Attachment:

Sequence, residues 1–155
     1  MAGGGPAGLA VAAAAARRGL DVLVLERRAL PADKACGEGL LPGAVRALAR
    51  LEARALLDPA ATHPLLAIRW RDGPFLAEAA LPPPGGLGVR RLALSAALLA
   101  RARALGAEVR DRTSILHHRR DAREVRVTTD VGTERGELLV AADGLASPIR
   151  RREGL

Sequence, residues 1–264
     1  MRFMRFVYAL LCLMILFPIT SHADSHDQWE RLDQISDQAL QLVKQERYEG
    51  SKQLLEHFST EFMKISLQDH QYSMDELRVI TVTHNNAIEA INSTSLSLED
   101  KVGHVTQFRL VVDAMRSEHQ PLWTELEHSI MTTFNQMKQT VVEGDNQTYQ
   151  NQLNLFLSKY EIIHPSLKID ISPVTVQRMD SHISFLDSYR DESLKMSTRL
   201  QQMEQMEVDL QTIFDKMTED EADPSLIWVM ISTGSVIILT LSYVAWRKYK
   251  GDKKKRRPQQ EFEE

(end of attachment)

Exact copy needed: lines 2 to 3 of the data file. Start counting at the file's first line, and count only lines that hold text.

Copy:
     1  MAGGGPAGLA VAAAAARRGL DVLVLERRAL PADKACGEGL LPGAVRALAR
    51  LEARALLDPA ATHPLLAIRW RDGPFLAEAA LPPPGGLGVR RLALSAALLA